Lecture 6.3- Periodic Trends (Honors)
Upcoming SlideShare
Loading in...5
×
 

Like this? Share it with your network

Share

Lecture 6.3- Periodic Trends (Honors)

on

  • 1,841 views

Section 6.3 lecture for Honors Chem

Section 6.3 lecture for Honors Chem

Statistics

Views

Total Views
1,841
Views on SlideShare
1,838
Embed Views
3

Actions

Likes
1
Downloads
18
Comments
0

1 Embed 3

http://www.slideshare.net 3

Accessibility

Categories

Upload Details

Uploaded via as Microsoft PowerPoint

Usage Rights

© All Rights Reserved

Report content

Flagged as inappropriate Flag as inappropriate
Flag as inappropriate

Select your reason for flagging this presentation as inappropriate.

Cancel
  • Full Name Full Name Comment goes here.
    Are you sure you want to
    Your message goes here
    Processing…
Post Comment
Edit your comment
  • This diagram lists the atomic radii of seven nonmetals. An atomic radius is half the distance between the nuclei of two atoms of the same element when the atoms are joined.
  • The size of atoms tends to decrease from left to right across a period and increase from top to bottom within a group. Predicting If a halogen and an alkali metal are in the same period, which one will have the larger radius?
  • This graph plots atomic radius versus atomic number for 55 elements. INTERPRETING GRAPHS a. Analyzing Data Which alkali metal has an atomic radius of 238 pm? b. Drawing Conclusions Based on the data for alkali metals and noble gases, how does atomic size change within a group? c. Predicting Is an atom of barium, atomic number 56, smaller or larger than an atom of cesium (Cs)?
  • First ionization energy tends to increase from left to right across a period and decrease from top to bottom within a group. Predicting Which element would have the larger first ionization energy—an alkali metal in period 2 or an alkali metal in period 4?

Lecture 6.3- Periodic Trends (Honors) Presentation Transcript

  • 1. Bellwork- Excited? 1s 2 2s 2 2p 6 3s 2 3p 5 4s 2 3d 10 4p 4 What element is this? Does this electron configuration represent an atom in an excited state or in its ground state? Explain.
  • 2. Bellwork- Excited? 1s 2 2s 2 2p 6 3s 2 3p 5 4s 2 3d 10 4p 4 What element is this? As Does this electron configuration represent an atom in an excited state or in its ground state? Explain.
  • 3. Bellwork- Excited? 1s 2 2s 2 2p 6 3s 2 3p 5 4s 2 3d 10 4p 4 What element is this? As Does this electron configuration represent an atom in an excited state or in its ground state? Explain. This As atom is in an excited state; One of the four electrons in the 4p sublevel could relax because a lower energy 3p orbital is unfilled.
  • 4. Lecture 6.3- Periodic Trends
  • 5.
    • The atomic radius measures an atom’s size.
    • It is one half of the distance between the nuclei of two atoms of the same element when the atoms are joined.
  • 6.
      • Group and Periodic Trends in Atomic Size
          • In general, atomic size increases from top to bottom within a group and decreases from left to right across a period.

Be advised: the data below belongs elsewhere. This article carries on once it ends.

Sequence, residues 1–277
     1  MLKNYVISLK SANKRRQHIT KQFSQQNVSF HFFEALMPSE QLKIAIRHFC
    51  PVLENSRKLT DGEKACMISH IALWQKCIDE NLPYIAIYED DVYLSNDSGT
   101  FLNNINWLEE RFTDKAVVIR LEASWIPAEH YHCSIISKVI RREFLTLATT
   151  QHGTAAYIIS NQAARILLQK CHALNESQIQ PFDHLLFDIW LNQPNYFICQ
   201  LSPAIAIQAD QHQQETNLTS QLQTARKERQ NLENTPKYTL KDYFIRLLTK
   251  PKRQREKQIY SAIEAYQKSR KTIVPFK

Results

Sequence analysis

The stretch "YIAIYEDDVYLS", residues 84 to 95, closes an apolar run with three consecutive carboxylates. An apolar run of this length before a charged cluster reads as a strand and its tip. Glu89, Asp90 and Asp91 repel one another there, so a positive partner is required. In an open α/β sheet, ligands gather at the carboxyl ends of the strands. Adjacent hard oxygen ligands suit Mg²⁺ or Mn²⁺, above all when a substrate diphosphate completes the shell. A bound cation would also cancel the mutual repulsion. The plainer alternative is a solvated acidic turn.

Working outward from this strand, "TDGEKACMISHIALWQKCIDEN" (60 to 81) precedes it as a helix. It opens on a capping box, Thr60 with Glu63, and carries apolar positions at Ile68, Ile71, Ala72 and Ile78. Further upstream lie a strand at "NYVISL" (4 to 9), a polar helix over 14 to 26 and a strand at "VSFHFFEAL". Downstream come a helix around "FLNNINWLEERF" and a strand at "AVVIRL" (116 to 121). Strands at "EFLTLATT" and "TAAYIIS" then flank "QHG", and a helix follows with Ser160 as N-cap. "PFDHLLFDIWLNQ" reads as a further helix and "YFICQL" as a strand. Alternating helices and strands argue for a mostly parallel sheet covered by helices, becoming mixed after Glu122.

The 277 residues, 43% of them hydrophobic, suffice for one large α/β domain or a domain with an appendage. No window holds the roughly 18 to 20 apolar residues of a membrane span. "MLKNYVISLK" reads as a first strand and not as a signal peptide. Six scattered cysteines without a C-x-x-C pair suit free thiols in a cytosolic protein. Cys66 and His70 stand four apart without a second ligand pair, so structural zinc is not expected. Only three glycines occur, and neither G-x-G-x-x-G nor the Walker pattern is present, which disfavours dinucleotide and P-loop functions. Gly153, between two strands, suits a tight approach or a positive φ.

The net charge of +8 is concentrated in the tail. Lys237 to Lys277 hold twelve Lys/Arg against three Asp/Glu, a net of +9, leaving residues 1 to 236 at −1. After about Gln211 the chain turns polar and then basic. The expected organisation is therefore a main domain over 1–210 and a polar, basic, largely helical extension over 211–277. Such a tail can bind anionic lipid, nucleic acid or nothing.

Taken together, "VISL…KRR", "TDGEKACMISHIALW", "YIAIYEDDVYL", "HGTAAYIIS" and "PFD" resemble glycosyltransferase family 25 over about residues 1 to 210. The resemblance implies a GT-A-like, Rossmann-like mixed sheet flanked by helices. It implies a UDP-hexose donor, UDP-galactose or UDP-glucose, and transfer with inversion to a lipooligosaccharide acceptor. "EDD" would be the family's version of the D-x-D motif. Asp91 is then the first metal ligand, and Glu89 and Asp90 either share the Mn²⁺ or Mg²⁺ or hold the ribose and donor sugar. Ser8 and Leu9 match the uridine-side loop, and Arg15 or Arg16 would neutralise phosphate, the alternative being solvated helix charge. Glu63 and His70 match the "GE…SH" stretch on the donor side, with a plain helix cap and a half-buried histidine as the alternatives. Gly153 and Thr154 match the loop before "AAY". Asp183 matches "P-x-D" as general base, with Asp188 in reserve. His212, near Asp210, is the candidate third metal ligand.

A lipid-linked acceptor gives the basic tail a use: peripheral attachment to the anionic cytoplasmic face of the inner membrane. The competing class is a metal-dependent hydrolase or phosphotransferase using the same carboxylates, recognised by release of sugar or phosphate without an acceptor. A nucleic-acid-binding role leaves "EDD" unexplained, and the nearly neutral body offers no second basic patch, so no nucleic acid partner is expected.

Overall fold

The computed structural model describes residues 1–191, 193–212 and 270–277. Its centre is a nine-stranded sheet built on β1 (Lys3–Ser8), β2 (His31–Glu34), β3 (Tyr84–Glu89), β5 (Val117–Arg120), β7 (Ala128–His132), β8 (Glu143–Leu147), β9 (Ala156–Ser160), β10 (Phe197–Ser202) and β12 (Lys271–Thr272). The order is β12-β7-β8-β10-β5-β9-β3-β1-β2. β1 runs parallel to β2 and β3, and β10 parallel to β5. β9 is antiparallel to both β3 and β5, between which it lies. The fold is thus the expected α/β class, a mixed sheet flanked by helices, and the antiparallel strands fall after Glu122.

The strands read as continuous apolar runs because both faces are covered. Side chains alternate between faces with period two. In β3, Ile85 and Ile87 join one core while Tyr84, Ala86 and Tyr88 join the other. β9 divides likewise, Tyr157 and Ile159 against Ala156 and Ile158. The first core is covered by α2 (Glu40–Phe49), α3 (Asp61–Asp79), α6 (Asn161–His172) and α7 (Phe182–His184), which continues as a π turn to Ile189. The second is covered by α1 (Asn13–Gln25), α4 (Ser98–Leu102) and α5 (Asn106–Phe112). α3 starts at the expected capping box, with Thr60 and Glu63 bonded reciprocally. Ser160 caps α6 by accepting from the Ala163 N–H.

• 7.  
  • 8.
    • Across a period left to right
    • Atoms get smaller because there are more protons in the nucleus pulling the electrons in closer.
    • Down a group
    • Atoms get bigger because they have 1 more energy level (layer)
  • 9.  
  • 10. A neutral atom contains an equal number of protons and electrons. When an atom gains or loses electrons it is no longer neutral. It becomes a charged ion. An ion has a charge.
  • 11. If an atom or a compound becomes charged it is called an ion
  • 12. A positive ion is called a cation A negative ion is called an anion Positive + Positive + Positive +
  • 13. Anakin NEGATIVE
  • 14. When an atom gains an electron it gains an additional negative charge. A Chlorine atom will gain one electron to become a Chlorine anion. Cl e - _
  • 15. An Oxygen atom will gain two electrons making an Oxygen ion with a charge of negative two. O e - e - _ 2-
  • 16. Atoms of elements from the left side of the periodic table will lose electrons. When an atom loses an electron it has more protons than electrons, so it is a positively charged ion.
  • 17. Sodium will lose one electron to create a sodium ion with a “plus one” charge Na e - +
  • 18. A Magnesium atom will lose two electrons to form an ion with a charge of positive two. Mg e - + e - 2+
  • 19.
        • The energy required to remove an electron from an atom is called ionization energy .
        • First ionization energy tends to decrease from top to bottom within a group and increase from left to right across a period.
  • 20.  
  • 21.
    • Across a period left to right
    • Atoms get smaller, so it is more difficult to remove tightly held electrons.
    • Down a group
    • Atoms get bigger so outer electrons are easier to remove.
  • 22.
        • Electronegativity is the ability of an atom of an element to attract electrons when the atom is in a compound.
          • Electronegativity values decrease from top to bottom within a group. For representative elements, the values tend to increase from left to right across a period.
  • 23.
    • Explanation of the electronegativity trend is also related to atomic size.
    • The smaller the atom the better it can attract electrons because they are closer to the positive nucleus.